Wall Street Journal: U.S. Government Programs Have Yet to Boost Small Business Lending

f t # e
Washington, D.C., May 13, 2010 | comments

By Meen Thiruvengadam; Wall Street Journal

U.S. efforts to stabilize the financial system have done little to boost small business lending and it remains unclear what impact the Obama administration's latest lending push will have, a report released Thursday said.

The report from the Congressional Oversight Panel, which oversees the government's $700 billion financial sector bailout, said it's not sure "whether Treasury's programs can or will play a major role in putting small businesses on the path to growth."

The report did note that Treasury's efforts thus far haven't resulted in an increase in loans to small businesses.

In 2008 and 2009, large banks that received government bailouts actually cut lending to small businesses. At the 22 largest banks to receive government bailouts, for example, average small business loan balances fell 4.6% between April and November of 2009, the report said. Meanwhile, originations for new loans slid by 7.4%, according to the report.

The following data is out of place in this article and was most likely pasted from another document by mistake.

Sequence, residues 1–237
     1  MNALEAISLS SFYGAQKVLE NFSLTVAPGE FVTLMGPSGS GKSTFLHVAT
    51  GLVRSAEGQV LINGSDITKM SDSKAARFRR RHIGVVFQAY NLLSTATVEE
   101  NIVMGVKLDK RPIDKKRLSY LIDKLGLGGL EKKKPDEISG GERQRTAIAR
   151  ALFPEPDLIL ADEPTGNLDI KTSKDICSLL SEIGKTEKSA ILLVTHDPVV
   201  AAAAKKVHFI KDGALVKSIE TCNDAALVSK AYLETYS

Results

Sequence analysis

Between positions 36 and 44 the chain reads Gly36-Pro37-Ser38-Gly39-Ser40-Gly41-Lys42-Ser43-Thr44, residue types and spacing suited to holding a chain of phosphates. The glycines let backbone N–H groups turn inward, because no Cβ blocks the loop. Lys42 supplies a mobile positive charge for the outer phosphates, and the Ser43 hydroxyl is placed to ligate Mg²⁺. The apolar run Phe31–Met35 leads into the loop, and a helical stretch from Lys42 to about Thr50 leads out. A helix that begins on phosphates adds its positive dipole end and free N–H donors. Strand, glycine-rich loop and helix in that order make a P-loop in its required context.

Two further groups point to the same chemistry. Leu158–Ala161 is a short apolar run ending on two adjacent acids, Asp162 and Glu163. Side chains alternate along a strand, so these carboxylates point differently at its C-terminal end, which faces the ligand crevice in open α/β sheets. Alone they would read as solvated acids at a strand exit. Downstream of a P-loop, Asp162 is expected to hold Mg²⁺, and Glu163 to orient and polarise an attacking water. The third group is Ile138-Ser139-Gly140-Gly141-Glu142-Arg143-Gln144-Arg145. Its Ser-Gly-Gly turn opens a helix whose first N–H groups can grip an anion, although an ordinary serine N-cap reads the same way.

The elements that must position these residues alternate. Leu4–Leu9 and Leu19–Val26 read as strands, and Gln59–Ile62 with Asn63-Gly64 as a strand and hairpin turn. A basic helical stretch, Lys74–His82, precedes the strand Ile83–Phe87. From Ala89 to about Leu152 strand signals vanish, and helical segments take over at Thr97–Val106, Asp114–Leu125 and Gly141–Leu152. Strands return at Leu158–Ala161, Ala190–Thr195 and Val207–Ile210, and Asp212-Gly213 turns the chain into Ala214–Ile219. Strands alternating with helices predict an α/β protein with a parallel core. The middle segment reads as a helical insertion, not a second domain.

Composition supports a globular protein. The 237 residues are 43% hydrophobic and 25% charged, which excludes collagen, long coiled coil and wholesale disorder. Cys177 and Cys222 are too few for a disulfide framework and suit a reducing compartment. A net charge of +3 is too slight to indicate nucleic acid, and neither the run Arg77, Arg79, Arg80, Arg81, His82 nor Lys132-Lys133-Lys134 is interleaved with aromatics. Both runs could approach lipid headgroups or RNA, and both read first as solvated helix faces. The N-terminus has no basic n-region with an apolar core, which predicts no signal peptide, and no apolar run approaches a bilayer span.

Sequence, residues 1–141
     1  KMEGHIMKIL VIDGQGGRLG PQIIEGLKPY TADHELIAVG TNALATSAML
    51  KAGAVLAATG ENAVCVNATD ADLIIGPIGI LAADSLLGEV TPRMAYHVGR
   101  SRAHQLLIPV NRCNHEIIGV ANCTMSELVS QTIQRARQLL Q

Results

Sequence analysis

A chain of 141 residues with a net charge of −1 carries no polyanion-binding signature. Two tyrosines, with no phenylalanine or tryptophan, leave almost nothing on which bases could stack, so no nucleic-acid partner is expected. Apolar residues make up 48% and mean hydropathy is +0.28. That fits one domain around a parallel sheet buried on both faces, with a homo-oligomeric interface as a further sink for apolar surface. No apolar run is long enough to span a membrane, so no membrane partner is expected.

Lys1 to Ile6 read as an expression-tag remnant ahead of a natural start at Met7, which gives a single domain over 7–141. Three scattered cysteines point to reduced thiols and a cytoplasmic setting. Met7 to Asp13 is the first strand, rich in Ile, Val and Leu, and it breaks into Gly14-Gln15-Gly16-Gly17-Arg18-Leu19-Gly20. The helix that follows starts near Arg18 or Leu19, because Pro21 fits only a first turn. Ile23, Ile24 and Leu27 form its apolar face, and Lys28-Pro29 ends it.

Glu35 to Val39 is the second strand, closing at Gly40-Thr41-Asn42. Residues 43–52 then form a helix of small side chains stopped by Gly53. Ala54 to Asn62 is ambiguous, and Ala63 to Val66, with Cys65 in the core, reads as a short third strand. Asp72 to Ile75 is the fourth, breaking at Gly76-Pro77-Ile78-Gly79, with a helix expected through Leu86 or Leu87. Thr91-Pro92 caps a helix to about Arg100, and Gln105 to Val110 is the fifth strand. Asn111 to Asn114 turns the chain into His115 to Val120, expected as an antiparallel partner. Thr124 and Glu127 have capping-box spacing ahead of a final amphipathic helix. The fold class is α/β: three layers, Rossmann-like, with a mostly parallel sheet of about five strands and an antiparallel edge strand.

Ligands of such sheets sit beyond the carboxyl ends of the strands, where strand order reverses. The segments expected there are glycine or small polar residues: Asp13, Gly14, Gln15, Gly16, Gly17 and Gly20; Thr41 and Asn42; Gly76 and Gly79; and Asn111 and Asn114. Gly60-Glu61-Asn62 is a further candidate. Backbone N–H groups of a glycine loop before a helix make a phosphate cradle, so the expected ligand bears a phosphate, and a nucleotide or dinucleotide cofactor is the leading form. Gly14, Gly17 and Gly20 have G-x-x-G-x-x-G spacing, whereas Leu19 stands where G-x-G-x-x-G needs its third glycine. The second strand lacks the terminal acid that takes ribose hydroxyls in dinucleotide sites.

"Big banks pulled back on everyone, but they pulled back harder on small businesses," said Elizabeth Warren, the panel's chair.

Still, she noted that with the recession has come a dip in demand for loans to small businesses and a reduction in the number of small businesses deemed creditworthy.

"Nobody knows whether lending is constrained more by a lack or lenders or borrowers," she said.

That is just one factor clouding the future of the Obama administration's latest push to increase small business lending.

Obama earlier this month sent a proposal to Congress to create a $30 billion fund that would provide capital to banks with assets under $10 billion. The idea is that those banks would then make loans to small businesses, earning discounts on dividend payments if lending is increased by a certain level.

Banks, for example, would pay the government dividends of 5% if they increase small business lending by less than 2.5%. A bank that increases lending by 7.5% or more would pay just 2% in dividends or interest.

Still, even that incentive to lend may not be enough to get credit flowing to American small businesses. "The small business lending fund takes for granted that lending is frozen because lenders don't have money to lend," Warren said.

f t # e